Lauren Wiggins won't stand back and let herself be punished for boys' supposed lack of self-control.
The Grade 12 student at Harrison Trimble High School in Moncton, N.B. was held over after school when she wore a halter dress to class on Monday, she said in a Facebook post.
Wiggins said on the site that the dress was considered "inappropriate and a sexual distraction to the young men in my school."
Wiggins also penned a letter to vice-principal Shane Sturgeon, saying that women's bodies are "constantly discriminated against and hypersexualized to the point where we can no longer wear the clothing that we feel comfortable with without the accusation and/or assumption that we are being provocative."
She said thereafter that she refused to cover up her shoulders and back, and that any boy who became distracted by her "needs to be sent home and practice self control."
Harrison Trimble High School's clothing policy states that students must dress "with appropriate taste in order that the educational process is not disrupted."
It classifies "shirts exposing shoulders and/or backs and/or midriffs" such as tube and halter tops under "clothing that is excessively revealing for a school environment."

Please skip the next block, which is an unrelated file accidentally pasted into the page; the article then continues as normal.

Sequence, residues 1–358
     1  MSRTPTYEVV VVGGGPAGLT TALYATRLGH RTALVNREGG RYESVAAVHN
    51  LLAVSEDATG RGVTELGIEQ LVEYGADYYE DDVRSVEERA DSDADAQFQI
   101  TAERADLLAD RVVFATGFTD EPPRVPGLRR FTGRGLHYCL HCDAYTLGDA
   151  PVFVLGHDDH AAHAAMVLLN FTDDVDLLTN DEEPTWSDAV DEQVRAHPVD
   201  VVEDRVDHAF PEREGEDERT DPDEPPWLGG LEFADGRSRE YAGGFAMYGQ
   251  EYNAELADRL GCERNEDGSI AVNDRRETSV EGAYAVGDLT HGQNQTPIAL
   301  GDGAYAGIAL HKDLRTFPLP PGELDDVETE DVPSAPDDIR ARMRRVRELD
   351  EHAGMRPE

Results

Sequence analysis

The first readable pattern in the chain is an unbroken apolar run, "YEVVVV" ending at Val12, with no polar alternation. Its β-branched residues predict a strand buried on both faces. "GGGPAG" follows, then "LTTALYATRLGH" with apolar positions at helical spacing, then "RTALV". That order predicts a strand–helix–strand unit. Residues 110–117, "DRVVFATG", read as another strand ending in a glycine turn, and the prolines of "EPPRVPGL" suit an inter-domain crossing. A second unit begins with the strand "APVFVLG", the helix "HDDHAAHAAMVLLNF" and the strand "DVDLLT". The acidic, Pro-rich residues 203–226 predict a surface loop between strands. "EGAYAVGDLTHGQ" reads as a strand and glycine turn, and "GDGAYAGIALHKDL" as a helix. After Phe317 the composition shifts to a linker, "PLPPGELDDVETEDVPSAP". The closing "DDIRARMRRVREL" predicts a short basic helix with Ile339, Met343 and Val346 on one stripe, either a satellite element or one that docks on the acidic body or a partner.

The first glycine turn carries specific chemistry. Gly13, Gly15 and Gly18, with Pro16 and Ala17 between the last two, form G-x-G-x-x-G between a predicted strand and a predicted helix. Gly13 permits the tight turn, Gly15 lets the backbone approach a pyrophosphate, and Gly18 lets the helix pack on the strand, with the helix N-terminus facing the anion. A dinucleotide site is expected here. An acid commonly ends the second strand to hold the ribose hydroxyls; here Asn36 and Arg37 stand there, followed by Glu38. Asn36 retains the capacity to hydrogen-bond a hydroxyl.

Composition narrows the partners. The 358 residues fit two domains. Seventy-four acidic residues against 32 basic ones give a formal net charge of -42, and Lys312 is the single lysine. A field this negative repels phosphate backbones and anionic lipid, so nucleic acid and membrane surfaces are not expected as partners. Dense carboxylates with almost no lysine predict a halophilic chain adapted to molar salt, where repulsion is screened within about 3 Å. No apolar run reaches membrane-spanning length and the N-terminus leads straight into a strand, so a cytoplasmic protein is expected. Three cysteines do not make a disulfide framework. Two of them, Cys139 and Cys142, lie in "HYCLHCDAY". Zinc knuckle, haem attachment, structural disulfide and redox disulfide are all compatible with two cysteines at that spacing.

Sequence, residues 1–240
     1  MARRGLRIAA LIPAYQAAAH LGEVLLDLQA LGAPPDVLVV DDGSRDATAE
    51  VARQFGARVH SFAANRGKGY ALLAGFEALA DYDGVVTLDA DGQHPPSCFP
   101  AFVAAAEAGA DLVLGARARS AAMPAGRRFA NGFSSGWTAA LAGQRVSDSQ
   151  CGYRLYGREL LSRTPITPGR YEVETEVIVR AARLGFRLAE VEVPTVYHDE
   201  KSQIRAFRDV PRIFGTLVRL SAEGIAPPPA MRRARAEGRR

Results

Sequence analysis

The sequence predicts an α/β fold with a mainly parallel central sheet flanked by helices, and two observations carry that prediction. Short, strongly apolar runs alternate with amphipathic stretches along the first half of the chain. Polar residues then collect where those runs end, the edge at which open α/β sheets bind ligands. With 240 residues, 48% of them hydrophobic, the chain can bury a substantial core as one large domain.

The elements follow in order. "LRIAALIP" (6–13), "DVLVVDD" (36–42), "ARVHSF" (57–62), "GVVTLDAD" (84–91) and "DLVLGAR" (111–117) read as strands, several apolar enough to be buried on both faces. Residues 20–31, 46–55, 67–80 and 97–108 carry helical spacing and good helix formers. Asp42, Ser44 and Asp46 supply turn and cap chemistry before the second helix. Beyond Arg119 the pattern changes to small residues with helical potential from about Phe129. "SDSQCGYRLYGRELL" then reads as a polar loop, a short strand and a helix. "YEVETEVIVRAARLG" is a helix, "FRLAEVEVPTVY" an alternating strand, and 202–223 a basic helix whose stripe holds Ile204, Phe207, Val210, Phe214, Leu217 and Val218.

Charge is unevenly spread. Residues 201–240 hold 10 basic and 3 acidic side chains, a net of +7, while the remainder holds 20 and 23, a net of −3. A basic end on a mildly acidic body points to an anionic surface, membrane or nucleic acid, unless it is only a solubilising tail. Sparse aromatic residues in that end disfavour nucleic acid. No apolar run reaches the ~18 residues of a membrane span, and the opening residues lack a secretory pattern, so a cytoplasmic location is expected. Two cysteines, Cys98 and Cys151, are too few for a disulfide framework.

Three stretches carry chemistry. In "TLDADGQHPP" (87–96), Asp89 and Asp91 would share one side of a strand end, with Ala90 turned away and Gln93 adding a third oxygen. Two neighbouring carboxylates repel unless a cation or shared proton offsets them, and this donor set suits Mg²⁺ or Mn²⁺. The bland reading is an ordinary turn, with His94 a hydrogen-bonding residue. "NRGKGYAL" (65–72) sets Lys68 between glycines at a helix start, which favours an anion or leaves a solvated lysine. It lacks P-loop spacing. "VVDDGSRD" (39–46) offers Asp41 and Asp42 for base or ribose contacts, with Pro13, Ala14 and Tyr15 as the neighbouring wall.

The letter led to a one-day suspension from school ... and won her a great deal of support online, said CBC News.
Her mother, Cindy Wiggins, is behind her 100 per cent.
"She wore it to a job interview and was hired, and told how nice she looked, so, I mean, what's wrong with that?" she asked.
This is far from the first time students have come up against their school dress codes in eastern Canada.
Last year, an estimated 30 students, including girls in tank tops and boys in sleeveless shirts, were sent home from Menihek High School in Labrador City, N.L.
One female student said school officials told her the shirts were "inappropriate because some of the male teachers, and male students found it distracting for them."
While students fighting their school dress codes have garnered plenty of support online and in public, not everyone agrees with them.
National Post columnist Robyn Urback warned last year that high school students will find that dress codes apply in future workplaces, meetings and events.
"There, it's not called 'sexist and oppressive' but simply 'appropriate dress,'" she said. "There are better soapboxes."
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